There are lots of reasons to reject the legitimacy of the state’s claim to authority. But, as I try to show in The Conscience of an Anarchist, a number of those reasons are ones with which bleeding hearts should find it especially easy to resonate.
1. Poverty and workplace inequity can occur for multiple reasons. But neither could be expected to be remotely as prevalent in the absence of the state. The state raises the cost of self-employment, boosts the cost of living, and increases the liabilities associated with being poor. The practical result is that people are denied opportunities to better their economic positions and channeled into often unappealing work environments because the state has eliminated viable alternatives. The state makes and keeps people poor and makes and keeps workers subservient.
2. The state confers privileges on the wealthy and well connected. It protects favored industries with tariffs and grants of intellectual property rights, sanctifies large-scale theft by elite groups, hands out direct and indirect subsidies, implements regulatory regimes that suppress competition, constrains the most effective union activity, uses the tax system to benefit politically favored businesses and hamper the activities of others, employs eminent domain to boost the profits of developers and big box retailers, awards staggering bailouts to cronies in the financial and manufacturing sectors, and otherwise furthers the interests of elites and others. The state masquerades as the protector of the defenseless against big business, when it is actually very much the ally and enabler of the corporate elite.
3. There is nothing the state does that is more destructive than war-making. And if the violence and loss associated with war aren’t natural bleeding-heart concerns, it’s hard to know what could be. The state is hardly the only source of violence, but it is by far the most significant source. States fund wars using taxes, unconstrained borrowing, and inflationary money creation—strategies unavailable to the ordinarily violent. Those who want war, whether for ideological or financial reasons, can shift the costs of satisfying their preferences onto the unwilling; they might be far less willing to be bellicose if they were required to shoulder these costs themselves. States use the vast means at their disposal to propagandize for war and to promote it covertly. They use standing military forces to breed deference to authority and to repress dissent. The availability of standing military forces, economically unfeasible in the state’s absence, creates an irresistible temptation to executives to enhance their own power and to use military force at their discretion. And the existence of the state’s war machine makes attacks on ordinary people’s privacy and safety, as well as their pocketbooks, increasingly unlikely. The state dramatically intensifies the problem of violence.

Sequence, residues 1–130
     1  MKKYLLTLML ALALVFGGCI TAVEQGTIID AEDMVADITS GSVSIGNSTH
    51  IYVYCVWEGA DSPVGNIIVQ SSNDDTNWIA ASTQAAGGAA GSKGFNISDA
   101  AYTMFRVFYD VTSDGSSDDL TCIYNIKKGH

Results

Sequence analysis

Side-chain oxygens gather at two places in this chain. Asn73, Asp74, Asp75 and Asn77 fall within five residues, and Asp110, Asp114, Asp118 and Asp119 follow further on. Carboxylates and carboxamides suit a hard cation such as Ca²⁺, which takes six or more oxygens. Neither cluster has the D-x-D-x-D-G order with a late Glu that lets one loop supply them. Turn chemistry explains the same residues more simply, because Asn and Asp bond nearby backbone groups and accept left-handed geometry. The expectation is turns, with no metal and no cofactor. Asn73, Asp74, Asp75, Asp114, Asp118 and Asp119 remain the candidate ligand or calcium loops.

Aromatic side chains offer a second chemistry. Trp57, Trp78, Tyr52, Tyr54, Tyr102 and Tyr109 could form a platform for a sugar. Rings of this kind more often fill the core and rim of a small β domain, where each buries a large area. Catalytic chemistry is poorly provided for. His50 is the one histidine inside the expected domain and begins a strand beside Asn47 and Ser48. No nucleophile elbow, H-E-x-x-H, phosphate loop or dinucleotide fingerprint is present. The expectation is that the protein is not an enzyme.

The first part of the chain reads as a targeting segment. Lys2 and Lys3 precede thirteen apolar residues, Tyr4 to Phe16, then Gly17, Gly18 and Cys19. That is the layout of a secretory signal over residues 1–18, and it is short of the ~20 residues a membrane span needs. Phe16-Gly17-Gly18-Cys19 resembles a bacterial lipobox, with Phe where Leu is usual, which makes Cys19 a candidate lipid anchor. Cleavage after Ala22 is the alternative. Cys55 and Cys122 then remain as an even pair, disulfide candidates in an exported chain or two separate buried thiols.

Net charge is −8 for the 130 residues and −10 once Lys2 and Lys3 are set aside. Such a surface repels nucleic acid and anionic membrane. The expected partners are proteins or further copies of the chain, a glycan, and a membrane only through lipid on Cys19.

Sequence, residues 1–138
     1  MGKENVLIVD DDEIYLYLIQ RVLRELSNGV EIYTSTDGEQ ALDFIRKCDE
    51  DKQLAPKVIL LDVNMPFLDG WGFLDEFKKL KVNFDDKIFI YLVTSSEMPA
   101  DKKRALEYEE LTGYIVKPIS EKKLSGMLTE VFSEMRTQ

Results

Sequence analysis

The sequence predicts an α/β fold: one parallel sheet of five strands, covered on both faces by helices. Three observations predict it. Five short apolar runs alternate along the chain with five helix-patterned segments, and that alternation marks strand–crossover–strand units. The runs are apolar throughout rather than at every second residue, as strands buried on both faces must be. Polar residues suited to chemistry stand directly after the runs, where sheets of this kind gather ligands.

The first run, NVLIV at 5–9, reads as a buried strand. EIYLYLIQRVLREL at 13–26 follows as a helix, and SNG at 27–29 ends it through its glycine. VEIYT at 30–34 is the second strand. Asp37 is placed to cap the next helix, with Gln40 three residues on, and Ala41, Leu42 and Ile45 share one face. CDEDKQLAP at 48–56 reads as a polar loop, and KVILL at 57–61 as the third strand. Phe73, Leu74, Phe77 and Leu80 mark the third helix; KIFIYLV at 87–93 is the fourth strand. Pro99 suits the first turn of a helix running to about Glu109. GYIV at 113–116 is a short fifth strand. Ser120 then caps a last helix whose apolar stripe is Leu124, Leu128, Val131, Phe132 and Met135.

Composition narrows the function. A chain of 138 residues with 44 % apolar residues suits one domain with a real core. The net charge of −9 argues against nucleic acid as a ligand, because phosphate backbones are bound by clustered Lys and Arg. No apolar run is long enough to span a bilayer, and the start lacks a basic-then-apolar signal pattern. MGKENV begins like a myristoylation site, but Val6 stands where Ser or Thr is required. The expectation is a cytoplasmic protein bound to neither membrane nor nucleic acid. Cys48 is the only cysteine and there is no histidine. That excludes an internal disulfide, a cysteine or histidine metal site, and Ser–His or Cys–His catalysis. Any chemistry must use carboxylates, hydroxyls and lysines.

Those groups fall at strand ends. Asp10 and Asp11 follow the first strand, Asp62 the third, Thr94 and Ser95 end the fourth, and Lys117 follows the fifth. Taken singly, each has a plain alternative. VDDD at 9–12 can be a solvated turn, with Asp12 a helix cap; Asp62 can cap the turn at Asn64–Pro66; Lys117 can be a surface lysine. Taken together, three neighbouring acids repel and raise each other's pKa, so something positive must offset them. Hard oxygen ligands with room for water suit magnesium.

4. Crime is a statist notion: crimes were first against the person of the king; then, in the king’s absence, the modern state claimed to be the victim of criminal conduct. The very existence of the criminal law, which severs the link between legal liability and harm, makes possible an ongoing reign of terror. Zealots and bigots can make the ordinary taxpayer who doesn’t share their goals bear the burden of funding the realization of these goals. Police violence and broken lives are predictable consequences of the War on (Some) Drugs, with members of minority communities suffering vast and disproportionate losses. A culture of retribution breeds brutal penalties and a prison system that stunts people’s lives and, increasingly, channels vast sums of money into the pockets of the state’s corporate cronies in the private prison industry. The criminal justice system is a creature of the state and neither the system nor its destructiveness would be realistically conceivable in the state’s absence.
People who favor markets, as I do, often defend anarchism by arguing that the state’s monopoly of force and law and its taxation of its subjects violate people’s rights. Without dismissing this sort of argument at all, I want to argue that principled people on the political left—the sort of people who could be expected to listen, at least, to arguments from bleeding heart libertarians—should find anarchism attractive precisely because the state unavoidably harms people on a vast scale through its attacks on the poor, its support for corporate privilege, its war making, and its assaults on personal freedom.
Jeff Riggenbach’s gracious review of Conscience seems to cast what I’m doing in the book as a matter of rhetoric—as an attempt to frame libertarian ideas in ways that will make them attractive to principled leftists. But while I do think that libertarians of all sorts often don’t know how to communicate with principled leftists, I think I’m up to more than rhetorical reframing: I believe that a leftist politics can and should be an anti-statist politics, a libertarian politics. And (while bleeding heart libertarians won’t all be leftists, of course), it seems clear to me that bleeding heart concerns can be effectively addressed by opposing, not just this or that misdeed by the state, but the state itself.